But quite honestly, transforming our relationship with money is the leverage point that will likely have the most positive impact on us as individuals, on the Earth, and society at large.
(You know we are a beautiful and deeply, ahem, idealistic community when we need to convince ourselves that discussing money might be as important as eating weeds.)
Perhaps this discomfort with money explains why some of the most deeply beautiful people I know are also in deeply precarious financial positions.
Perhaps it explains why new farm businesses file bankruptcy at a higher rate than any other business, and even high-profile homesteads and permaculture projects fail at an alarming rate.
And perhaps it explains why a guy who claims to have eventually worked up to making minimum wage is frequently called “the most successful farmer on the planet.”
And maybe it’s also why people are lining up to pay $1000-3,000 for online classes and “business models” openly claiming to teach how we can make around $3/hour for a whopping $10-15k/ year. Yes, look past the “earn $1,000,000 a year!” headlines and read the fine print that the big bucks are GROSS and the take home is often minimum wage.
What the prospective homesteaders and farmers buying this content really want is a ladder to freedom, a way they can escape the rat race and find a simpler way of life.
In my opinion, these would-be agents of transformative simple living are LITERALLY paying people to teach them how to fail at their goal. The reality is, it doesn’t matter how frugal you are and how much voluntary simplicity and community reliance you cultivate, if you’re planning to make $6/hour working 70 hour weeks, you probably aren’t going to stick with it for long.
In Permaculture, this approach to “profitable farming” is called a Type 1 error: a system designed to fail.
But at least those people are taking a stab at their dreams. Many of us are so paralyzed by our frustration with money, that we never figure out how to finance our dreams, or truly commit to taking our first steps.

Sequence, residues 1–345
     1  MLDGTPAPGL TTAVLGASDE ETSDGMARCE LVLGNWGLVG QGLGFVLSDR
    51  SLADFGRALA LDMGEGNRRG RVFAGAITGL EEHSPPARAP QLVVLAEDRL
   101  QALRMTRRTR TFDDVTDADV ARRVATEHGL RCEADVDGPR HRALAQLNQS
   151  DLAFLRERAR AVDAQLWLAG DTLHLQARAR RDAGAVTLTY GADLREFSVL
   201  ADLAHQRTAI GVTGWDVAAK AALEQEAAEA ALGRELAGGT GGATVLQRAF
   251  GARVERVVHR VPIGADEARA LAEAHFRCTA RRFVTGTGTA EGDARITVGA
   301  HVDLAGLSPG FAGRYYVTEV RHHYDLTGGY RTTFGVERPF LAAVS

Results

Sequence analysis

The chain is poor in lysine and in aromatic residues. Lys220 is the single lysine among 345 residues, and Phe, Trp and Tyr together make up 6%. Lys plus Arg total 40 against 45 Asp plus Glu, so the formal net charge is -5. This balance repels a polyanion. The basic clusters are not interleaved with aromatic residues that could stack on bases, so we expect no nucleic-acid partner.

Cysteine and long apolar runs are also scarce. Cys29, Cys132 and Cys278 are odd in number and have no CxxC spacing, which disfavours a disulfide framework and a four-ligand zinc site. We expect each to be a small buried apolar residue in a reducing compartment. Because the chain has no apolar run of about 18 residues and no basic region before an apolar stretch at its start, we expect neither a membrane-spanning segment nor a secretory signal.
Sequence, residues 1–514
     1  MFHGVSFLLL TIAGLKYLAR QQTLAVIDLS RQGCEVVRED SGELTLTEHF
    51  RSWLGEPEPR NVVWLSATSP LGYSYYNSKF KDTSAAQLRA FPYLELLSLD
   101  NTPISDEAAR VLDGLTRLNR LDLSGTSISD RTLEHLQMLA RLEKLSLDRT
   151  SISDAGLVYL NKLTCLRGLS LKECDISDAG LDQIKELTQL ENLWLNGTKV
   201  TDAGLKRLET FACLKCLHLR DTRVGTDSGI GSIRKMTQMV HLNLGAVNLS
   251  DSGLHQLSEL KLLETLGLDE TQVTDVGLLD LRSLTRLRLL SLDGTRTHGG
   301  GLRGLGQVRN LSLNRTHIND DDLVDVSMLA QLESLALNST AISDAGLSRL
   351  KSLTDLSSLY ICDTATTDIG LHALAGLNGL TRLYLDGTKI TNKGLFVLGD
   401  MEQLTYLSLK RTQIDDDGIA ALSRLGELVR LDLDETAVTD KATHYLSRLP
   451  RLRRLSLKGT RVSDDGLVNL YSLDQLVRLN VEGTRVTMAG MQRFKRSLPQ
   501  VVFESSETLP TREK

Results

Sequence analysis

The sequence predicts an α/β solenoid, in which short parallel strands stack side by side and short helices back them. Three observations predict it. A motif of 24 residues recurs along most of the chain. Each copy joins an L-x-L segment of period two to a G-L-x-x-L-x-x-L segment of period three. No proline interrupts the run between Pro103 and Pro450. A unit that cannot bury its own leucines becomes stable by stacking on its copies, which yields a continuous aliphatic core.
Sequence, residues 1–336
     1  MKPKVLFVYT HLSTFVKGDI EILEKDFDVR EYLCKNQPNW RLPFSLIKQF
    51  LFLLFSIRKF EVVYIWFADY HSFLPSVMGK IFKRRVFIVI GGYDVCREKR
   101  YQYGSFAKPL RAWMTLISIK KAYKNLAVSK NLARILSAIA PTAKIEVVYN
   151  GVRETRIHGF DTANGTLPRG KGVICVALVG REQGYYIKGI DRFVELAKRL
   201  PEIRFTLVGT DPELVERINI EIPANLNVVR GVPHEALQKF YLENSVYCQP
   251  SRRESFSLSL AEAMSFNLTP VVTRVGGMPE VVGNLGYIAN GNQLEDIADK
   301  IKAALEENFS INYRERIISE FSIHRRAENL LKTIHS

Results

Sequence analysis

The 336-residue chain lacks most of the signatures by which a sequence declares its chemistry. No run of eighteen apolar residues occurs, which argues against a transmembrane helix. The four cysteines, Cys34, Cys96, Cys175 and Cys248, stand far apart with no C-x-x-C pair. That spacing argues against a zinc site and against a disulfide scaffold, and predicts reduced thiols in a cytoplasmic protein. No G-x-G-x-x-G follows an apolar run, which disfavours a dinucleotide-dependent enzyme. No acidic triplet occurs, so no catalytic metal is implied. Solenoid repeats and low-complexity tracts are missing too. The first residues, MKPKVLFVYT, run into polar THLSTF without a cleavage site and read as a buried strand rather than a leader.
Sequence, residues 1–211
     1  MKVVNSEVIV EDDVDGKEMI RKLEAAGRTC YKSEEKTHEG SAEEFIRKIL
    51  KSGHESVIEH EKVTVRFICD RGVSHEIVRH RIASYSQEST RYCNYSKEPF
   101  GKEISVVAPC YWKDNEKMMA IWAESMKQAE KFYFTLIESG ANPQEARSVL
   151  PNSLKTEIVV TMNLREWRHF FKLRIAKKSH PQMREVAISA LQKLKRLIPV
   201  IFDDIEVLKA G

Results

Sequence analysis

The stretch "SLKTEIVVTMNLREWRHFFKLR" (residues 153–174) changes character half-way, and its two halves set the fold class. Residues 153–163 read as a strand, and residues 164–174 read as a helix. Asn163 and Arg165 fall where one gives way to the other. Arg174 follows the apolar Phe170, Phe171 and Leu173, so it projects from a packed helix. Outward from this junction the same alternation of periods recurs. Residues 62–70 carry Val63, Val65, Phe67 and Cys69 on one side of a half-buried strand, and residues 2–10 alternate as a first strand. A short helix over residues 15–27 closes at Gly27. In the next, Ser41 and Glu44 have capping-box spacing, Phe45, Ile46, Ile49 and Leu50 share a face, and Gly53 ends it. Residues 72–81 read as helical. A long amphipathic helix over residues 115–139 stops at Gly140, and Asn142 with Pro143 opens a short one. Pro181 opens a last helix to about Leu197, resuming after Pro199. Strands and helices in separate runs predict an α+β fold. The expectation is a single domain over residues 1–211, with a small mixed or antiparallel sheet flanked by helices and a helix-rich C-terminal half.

And, finally, not to put too fine a point on it, perhaps this resistance to talk about money is why so many of my incredible activist friends remain dependent upon the very same systems that they’re fighting to tear down.
This is why transforming our relationship with work and money is so important.
Kim and I think it’s so important that we’ve done workshops and even put together a whole free starter class to get you going.
But in my classes and workshops, my top recommendation has always been to pick up a copy of Your Money or Your Life
. (YMOYL) a guide to achieving financial independence (FI) by Joe Dominguez and Vicki Robin. These days, there’s a whole growing online community devoted to the idea of achieving “FIRE,” Financial Independence, Retire Early. This includes different strategies like Fat FIRE, where you retire with a big play fund, and Lean FIRE, where you retire into relative simple living on a smaller nest egg, and even Barista FIRE, where you continue part-time at Starbucks for insurance and supplemental income. But still YMOYL sets the standard and focusses on changing our relationship with money. Now, Vicki Robin has a fantastic new edition of YMOYL that is even more compatible with Permaculture. This isn’t just standard retirement advice, it’s a blueprint for changing our lives and our society. In my opinion, it’s a book that should be at the very top of every activist, organizer, homesteader, aspiring farmer, and permaculturists’ reading list.
In Part 2, I’d like to dig in a little further, introduce a few of the concepts you’ll find in YMOYL, and apply our Permaculture Design. Could Permaculture FIRE be your path to freedom?
And if are one of the many Permaculturists who took up the cause after achieving Financial Independence, I would like to hear from you in the comments!
Coming soon, Part 2 Permaculture FIRE or Permaculture FREEdom?